Stress and Dull Teaching.

June 28, 2014
It was a rather tiring week. I was tired. When I am tired, teaching and learning is more bumpy. It is harder for me to specify short or long-term goals. In other words, I don’t know what I am teaching for and what possible benefits to Robert our efforts could bring. I know that Robert would answer questions and complete worksheets. What I don’t know is how would the topics we addressed relate to Robert’s life in general. I don’t know either how I could help Robert connect those “desk” exercises to his “real” life needs.
I have to admit that, for a last few days, I forced myself to study with Robert. Often, we started late in the evening. I couldn’t create the proper atmosphere and I was disappointed with myself.
Those are not the features of a successful instructor.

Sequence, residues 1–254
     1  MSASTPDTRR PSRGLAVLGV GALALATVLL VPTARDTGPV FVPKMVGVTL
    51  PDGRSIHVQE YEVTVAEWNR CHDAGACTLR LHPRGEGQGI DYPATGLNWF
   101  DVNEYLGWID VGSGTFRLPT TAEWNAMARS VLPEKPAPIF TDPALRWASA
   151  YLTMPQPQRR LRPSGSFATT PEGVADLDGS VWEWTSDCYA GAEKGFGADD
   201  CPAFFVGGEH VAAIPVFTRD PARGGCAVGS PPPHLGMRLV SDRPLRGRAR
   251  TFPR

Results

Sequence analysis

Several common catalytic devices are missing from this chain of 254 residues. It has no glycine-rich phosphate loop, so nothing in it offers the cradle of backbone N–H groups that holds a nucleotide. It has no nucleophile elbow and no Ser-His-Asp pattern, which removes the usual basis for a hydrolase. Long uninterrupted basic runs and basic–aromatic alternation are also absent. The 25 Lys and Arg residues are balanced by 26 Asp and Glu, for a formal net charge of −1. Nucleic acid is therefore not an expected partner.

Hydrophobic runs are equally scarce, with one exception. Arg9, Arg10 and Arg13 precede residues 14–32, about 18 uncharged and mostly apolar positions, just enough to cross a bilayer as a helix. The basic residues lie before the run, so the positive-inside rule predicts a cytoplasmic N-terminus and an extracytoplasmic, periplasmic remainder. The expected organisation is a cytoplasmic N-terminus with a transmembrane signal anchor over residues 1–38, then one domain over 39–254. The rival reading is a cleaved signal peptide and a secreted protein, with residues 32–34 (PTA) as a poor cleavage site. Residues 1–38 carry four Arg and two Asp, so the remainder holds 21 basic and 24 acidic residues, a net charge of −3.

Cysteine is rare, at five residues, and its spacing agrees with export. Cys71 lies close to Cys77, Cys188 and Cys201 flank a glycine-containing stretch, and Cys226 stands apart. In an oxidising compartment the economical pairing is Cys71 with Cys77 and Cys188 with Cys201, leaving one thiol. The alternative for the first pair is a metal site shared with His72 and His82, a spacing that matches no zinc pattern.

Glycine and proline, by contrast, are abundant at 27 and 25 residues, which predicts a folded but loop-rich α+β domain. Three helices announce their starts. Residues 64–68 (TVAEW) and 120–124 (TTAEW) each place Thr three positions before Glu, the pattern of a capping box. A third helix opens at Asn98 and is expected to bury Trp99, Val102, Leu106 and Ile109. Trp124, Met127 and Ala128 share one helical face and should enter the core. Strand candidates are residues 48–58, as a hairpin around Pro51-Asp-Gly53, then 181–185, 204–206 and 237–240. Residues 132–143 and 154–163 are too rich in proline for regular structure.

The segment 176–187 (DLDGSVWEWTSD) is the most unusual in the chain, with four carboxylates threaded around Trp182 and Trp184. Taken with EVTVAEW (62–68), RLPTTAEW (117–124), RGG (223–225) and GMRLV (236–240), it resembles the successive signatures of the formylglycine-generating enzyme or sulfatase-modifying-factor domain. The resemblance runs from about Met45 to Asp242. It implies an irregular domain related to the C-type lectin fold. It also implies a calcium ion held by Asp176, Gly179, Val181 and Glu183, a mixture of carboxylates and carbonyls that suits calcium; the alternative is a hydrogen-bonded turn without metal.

Robert and I just trudged through a few lessons from Reasoning and Writing, a few units from Functional Routines for Adolescents and Adults, a set of lessons from Singapore Math, and a few short texts from a reading workbook. As we went on, I felt more and more disappointed noticing how many opportunities I have been wasting because of my inability to make the teaching “ALIVE”.
That is such an important distinction between creating good, uplifting opportunity for learning, for opening another gate to the world, and dull, forced hammering the wall without even knowing what is behind.
Let me make sure, that distinction in no way relates to the student’s abilities or lack of them. It all relates to the teacher’s skills. Not general skills, but the skills as they are demonstrated that particular hour, day, week.
It was a tiring week for me and it was a week of dull teaching.

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